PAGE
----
One of my favourite LPs at the time was The Who Live At Leeds. I played that record to death; I loved that version of My Generation. I wasn’t even thinking about that song when I wrote this one, but it certainly gave me permission to put my angst into words. There was definitely an anti-old fart agenda going on [laughs]. Yet, the song is still relevant now I’m over 60: it’s about how you live your life, not how long it lasts.”


“The lyrics for this song were loosely based on the latter years of Arthur Rimbaud, long after he had given up poetry. He was a gun runner and coffee merchant in North Africa, and developed what turned out to be bone cancer in his leg. He was trying to get back home and died in Marseilles after an amputation. I was introduced to his writing by being a huge fan of Patti Smith. The subject of feeling like a refugee, of being lost between lines, is perennially relevant.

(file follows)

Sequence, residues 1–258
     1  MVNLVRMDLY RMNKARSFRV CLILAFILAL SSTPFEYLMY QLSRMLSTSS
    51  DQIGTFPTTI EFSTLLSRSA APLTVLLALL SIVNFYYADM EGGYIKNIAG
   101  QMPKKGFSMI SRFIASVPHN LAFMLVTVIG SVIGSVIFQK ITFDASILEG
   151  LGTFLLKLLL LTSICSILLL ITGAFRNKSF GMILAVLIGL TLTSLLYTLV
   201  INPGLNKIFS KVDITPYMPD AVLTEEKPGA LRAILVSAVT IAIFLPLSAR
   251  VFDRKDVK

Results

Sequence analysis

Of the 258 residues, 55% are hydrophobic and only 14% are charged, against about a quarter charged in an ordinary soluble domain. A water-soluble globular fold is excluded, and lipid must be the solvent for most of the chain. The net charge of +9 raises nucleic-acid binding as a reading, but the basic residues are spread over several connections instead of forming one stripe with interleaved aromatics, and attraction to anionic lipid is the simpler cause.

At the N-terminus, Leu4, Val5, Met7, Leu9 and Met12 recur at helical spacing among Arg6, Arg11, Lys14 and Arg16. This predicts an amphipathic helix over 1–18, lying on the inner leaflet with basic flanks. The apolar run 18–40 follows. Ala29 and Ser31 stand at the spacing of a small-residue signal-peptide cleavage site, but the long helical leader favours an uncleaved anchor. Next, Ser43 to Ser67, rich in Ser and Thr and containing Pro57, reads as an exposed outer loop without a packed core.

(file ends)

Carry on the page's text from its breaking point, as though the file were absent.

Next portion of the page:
This was song number two on the EP, which came out in January of 1980. Right at the exact same moment as Tom Petty’s Refugee. Oh well.”

Sense Of Rhythm

“I made it a point to not write love songs, but occasionally I would write an anti-love song! This one was inspired by the desperation and total abandon that I observed on the dance floor at gigs. I say “observed” – I don’t dance. This was song number three from the EP.”